[Returning to the New Enterprise theme]

There has been plenty of recent discussion comparing businesses with cities, contrasting the amount of control that each exercises on new entrants, and their relative productivity performance as they get larger. XPLANE’s Dave Gray has an interesting post discussing the failure of a company’s productivity to improve as it grows – in fact he quotes a study that shows profit-per-employee reduces by half when you triple their number … classic diminishing returns. In contrast, it appears that as cities grow, productivity improves.

So why the difference between cities and companies? What prevents a company from continuing to grow productively? Shell Oil, when contemplating life beyond oil, tried to figure out what allowed some companies to be large, long-lasting and consistently profitable – and ended up with a book called The Living Company. What they found out about long-lived companies was that they were a lot like flourishing cities – messy at the edges, plenty of local autonomy, strong identities/cultures, always looking for opportunities.

Historically we’ve created companies like machines – central control, designed and built to serve a particular function, to be stable and unchanging. And there are still plenty of reasons to have this kind of company around, where activities require large investments in time, physical infrastructure and equipment. Increasingly though, we are moving away from benefits of scale – perhaps because we have already “solved” the COMPLICATED problems that automation, mechanisation and size could fix (those problems still, and may always, exist, but we already have the structures in place to deal with them). Having sorted the easy stuff, we are now left with COMPLEX problems where brains work better than cranes, and people don’t scale as well. So we need different structures for working, and we need ways of getting more brains working for us without the administrative overheads that constrain employee productivity in large organisations currently.

We need to stop thinking of companies as machines with a relatively fixed function and form, and see them more as organisms, or ecosystems – complex adaptive systems, where each action and reaction changes both the system itself and its constituents – a lot like a vibrant city. Paradoxically, if we can set up companies that act like cities, we can potentially make them more sustainable, as Shell found – and thereby overcome the limits of current structures to productivity at scale.  

What is the optimum structure for such a messy and vibrant organisation? We may not know that for sure for some time (if ever), but the indications are that network is better than hierarchy when considering adaptability, resilience and ability to scale. Dave’s post mentioned above speaks of hierarchical structures as “design for division”, and the need to replace that with “design for connection”, and “design for emergence” – more like town planning than machine bureaucracy.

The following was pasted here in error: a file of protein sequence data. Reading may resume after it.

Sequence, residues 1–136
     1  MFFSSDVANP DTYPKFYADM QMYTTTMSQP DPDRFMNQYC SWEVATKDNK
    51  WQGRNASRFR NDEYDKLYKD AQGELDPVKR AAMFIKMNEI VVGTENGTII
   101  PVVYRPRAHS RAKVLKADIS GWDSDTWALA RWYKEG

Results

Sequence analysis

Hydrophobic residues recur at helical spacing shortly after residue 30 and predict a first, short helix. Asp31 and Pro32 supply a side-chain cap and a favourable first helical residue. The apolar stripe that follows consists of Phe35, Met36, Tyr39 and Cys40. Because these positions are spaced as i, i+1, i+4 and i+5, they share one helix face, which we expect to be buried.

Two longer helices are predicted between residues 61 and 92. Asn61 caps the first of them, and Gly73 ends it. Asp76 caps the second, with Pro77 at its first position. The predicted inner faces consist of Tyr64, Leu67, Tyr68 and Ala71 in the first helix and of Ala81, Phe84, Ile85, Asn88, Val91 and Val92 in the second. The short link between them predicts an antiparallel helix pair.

The more social network structure is made of, and for, people – and we may find that many New Enterprises remain relatively small “naturally” for much of their life, at human scale. But there is nothing that intrinsically limits the size of a network where connections are amplified by technology – this, I guess, is the premise of social business – a concept popular with people selling the amplifying technology 🙂 . That caveat aside, we are beginning to see emerging “social” businesses, where network is the defining structure. We are actually in the early stages of an experiment to gauge the potential performance benefit in companies taking on a more organic “city” form … and we’re watching with interest!

Can an “Old Enterprise” morph themselves into “New Enterprise”? Can an existing business that is suffering from diminishing productivity re-structure? I think we’ll see both successes and failures in this attempt – it is a significant culture change, and may be too drastic for some, who will find themselves destroying their existing business in the attempt, but not getting to a successful re-birth. Whether or not this is just bringing forward an inevitable death is moot – it’s still a big decision to make. I see newly-formed businesses as those most likely to participate in this experiment – no “old” model to destroy makes the adoption of a network structure much easier.

[UPDATE] It seems Cisco is making something of an attempt to remodel around the network – here’s a write-up from Oliver Marks at Constellation Research.

For further reading on this (and you should be aware that a couple of these have skin in the game, so can be expected to be net positive about “social business”):

Headshift’s Lee Bryant addressing the idea of scale
JP Rangaswami (currently at Salesforce, but has been pushing this barrow for a long time) – reconciling systems of record with systems of convenience
Thoughtfarmer’s Gordon Ross on company as complex adaptive system
Stowe Boyd on companies being more like cities to survive and thrive